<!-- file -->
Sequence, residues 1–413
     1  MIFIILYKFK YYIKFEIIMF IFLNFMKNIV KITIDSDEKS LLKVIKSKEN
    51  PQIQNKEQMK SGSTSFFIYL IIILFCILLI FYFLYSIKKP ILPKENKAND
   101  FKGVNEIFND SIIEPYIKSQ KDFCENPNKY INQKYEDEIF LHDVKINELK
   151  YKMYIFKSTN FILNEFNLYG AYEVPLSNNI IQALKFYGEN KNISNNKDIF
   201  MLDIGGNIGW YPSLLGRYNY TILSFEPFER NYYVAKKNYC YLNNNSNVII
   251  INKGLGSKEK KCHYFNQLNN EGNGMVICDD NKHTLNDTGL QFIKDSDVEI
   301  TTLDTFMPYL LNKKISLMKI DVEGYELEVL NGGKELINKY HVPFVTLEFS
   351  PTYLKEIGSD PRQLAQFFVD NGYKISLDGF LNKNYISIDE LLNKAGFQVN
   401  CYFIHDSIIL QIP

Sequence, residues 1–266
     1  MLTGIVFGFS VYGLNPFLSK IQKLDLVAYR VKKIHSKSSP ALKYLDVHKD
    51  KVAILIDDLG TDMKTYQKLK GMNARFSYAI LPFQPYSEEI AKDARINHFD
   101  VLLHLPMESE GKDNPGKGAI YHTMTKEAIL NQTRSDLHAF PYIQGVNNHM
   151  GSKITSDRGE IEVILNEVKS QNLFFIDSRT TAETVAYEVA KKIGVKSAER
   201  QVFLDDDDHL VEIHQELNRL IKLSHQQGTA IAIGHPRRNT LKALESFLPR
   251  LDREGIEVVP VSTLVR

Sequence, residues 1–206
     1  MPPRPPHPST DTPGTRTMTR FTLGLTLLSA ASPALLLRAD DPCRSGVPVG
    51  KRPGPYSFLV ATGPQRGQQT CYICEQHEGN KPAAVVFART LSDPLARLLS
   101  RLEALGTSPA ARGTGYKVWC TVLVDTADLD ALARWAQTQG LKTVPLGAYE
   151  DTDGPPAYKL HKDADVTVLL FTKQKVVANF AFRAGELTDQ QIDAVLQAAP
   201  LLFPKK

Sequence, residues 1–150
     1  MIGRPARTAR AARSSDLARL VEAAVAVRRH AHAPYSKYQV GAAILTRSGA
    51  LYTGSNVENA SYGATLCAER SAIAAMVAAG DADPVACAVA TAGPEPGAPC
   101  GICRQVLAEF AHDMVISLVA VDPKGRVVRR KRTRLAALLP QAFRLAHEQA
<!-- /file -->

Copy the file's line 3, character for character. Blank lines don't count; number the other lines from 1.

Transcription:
    51  PQIQNKEQMK SGSTSFFIYL IIILFCILLI FYFLYSIKKP ILPKENKAND